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The last Steam Controllers ever made sold out this week

Hard luck

If you've been checking out this week's Steam Autumn Sale, you might have noticed one particular bargain: the Steam Controller, Valve's bizarre owl-eyed gamepad, had its price slashed by a whopping 90%. Unfortunately, there's a good reason for that - they're the last Steam Controllers that'll ever be released. If you haven't grabbed by one now, that's it. Tough luck. The Steam Controller's death heralds the final end of Valve's "Steam Machines" efforts to bring Steam to the sofa. Being neck-deep in VR, they haven't quite given up on hardware entirely - but the dream of a PC for the living room seems well and truly dead, for now.

Valve told the Verge that this week's batch is "the last batch of these gamepads that will ever be made". Valve were flogging Steam Controllers for a bargain £4/€5.50/$5 (not including shipping) in this week's sale. Looking at Steam however, it looks like the last run has completely sold out.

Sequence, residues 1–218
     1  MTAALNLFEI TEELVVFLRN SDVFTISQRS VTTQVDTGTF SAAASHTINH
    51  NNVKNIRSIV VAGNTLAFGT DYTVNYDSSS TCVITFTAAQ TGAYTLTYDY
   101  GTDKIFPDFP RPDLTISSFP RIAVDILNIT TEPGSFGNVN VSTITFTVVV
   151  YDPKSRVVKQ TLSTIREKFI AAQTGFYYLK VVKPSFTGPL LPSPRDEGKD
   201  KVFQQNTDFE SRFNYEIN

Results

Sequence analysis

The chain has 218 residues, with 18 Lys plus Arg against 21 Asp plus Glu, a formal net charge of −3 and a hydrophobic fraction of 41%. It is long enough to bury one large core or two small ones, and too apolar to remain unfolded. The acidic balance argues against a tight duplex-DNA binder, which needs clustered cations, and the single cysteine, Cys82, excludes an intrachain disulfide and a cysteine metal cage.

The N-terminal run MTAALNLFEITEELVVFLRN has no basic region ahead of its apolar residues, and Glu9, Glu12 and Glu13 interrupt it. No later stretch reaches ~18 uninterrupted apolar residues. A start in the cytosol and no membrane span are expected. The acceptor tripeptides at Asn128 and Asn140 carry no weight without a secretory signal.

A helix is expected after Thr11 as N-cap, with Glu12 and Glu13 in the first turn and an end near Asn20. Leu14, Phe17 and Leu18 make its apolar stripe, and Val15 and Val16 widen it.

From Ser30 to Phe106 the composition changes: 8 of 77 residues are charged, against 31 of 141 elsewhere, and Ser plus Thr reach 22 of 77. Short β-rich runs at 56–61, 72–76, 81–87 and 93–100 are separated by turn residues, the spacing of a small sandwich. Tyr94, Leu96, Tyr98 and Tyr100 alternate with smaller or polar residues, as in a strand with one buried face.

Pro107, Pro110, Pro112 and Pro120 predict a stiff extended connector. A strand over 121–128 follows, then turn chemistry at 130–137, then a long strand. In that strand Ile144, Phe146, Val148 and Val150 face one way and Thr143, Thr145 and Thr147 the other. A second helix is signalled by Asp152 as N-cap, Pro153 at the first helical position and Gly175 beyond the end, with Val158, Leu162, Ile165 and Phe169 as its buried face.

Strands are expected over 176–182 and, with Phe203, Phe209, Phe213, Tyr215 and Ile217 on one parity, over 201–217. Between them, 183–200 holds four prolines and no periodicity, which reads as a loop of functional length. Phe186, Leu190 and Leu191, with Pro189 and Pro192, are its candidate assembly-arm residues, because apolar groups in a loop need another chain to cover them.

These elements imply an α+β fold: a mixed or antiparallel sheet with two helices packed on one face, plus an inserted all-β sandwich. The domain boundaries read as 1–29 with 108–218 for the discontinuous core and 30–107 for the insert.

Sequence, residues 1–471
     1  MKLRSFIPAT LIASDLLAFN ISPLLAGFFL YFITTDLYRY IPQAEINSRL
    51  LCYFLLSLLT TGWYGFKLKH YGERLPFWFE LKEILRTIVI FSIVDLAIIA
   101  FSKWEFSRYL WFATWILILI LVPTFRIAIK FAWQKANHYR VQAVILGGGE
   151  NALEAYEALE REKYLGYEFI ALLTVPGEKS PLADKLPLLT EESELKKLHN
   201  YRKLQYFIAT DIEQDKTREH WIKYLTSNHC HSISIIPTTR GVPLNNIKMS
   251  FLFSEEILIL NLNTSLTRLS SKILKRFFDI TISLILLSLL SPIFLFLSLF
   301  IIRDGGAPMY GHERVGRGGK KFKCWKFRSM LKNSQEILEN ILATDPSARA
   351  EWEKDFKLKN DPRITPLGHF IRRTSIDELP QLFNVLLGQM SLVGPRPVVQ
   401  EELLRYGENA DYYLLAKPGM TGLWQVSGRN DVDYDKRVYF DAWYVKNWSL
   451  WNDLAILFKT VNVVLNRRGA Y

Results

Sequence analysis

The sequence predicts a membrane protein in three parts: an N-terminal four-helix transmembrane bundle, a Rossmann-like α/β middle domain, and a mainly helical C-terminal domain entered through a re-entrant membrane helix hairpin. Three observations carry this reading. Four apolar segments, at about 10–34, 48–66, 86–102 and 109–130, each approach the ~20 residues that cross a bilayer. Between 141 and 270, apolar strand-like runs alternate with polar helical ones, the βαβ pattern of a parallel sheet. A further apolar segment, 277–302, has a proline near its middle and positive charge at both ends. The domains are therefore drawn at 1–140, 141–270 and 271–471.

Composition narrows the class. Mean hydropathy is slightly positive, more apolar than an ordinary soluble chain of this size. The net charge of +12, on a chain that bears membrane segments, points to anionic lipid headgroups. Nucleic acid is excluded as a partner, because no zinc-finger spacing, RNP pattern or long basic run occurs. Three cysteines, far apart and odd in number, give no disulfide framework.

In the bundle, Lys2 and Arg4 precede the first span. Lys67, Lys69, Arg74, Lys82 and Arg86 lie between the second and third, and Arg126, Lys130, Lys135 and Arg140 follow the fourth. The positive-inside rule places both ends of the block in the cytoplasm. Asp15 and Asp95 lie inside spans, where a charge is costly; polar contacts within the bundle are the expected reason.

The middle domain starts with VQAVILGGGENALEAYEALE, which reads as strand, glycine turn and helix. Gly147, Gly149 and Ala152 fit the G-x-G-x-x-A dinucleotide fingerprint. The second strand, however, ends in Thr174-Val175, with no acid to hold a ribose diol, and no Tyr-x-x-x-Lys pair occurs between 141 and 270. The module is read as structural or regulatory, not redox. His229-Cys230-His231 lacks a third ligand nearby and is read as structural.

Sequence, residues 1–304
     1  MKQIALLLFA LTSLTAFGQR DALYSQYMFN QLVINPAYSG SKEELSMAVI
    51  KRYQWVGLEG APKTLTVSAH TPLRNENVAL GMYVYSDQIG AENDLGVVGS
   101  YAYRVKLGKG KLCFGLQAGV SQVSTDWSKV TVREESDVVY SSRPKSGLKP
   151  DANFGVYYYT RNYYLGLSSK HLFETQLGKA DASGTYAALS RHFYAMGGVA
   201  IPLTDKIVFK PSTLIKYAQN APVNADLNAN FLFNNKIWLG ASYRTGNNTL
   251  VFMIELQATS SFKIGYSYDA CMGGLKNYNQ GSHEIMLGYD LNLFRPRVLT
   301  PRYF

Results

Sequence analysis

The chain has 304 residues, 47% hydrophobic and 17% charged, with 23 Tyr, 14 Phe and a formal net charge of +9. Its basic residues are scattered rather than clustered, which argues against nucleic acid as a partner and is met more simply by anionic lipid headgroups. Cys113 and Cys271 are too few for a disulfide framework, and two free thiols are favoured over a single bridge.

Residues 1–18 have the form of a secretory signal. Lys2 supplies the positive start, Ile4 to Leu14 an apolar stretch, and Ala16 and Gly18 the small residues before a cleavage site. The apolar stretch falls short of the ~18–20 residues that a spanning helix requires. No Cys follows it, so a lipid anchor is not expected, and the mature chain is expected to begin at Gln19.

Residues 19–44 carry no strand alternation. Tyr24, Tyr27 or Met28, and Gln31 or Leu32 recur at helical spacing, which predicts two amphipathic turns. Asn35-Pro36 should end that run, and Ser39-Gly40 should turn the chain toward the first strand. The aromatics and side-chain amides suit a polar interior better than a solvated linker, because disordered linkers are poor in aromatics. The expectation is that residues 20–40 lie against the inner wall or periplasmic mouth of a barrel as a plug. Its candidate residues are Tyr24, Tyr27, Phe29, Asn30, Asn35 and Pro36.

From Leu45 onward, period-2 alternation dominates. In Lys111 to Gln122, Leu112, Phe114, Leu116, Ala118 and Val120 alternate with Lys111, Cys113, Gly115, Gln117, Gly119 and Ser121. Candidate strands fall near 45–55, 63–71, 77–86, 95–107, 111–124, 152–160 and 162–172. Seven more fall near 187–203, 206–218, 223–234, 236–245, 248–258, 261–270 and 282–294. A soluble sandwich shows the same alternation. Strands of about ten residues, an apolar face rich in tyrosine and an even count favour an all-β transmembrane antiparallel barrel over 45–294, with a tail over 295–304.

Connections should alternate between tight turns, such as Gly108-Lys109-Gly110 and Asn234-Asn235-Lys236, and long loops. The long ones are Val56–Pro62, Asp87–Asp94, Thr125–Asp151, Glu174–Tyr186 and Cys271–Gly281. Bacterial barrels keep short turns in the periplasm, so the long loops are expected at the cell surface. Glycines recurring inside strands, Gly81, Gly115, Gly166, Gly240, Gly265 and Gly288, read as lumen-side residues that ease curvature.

Dropping back in 2013, the Steam Controller wanted to smash apart long-held notions of how gamepads should look, breaking from the tradition twin-stick design for two massive touch-sensitive eyes that offered more accurate tracking. The Steam controller was also extremely customisable and arrived with a suite of Steam tools to completely reconfigure every aspect of the pad. It took a hell of a lot of getting used to, but in theory it'd make playing EVE or Civ on the telly totally doable.

Like Alec noted in his review, though, I found the controller a bit underwhelming. Yes, it worked, but the pad feels rubbish to hold. Surprisingly flimsy and cheap for something with Valve's pedigree. Granted, I'm the daftie who really likes the brick-sized Xbox "Duke", so what the hell do I know?

More than that, the controller's ideal use case never came up. It was pretty simple to set up shop in the lounge with the Steam Link, a streaming box launched around the same time. But if I've got folk round for a party, we're playing Mount Your Friends, Nidhogg or Towerfall, games that work perfectly fine with a 360 pad. If I'm putting in the hours in Stellaris or BattleTech, I'm gonna sit at my desk and get serious.

The Steam Controller was discontinued just over a year after the Steam Link, which has found new life as a mobile app. Other areas of the Steam Machines program (like partnered all-in-one PCs and the SteamOS operating system) fizzled out long before ever really taking off.

Ah well. Back to the 360 pad we go.

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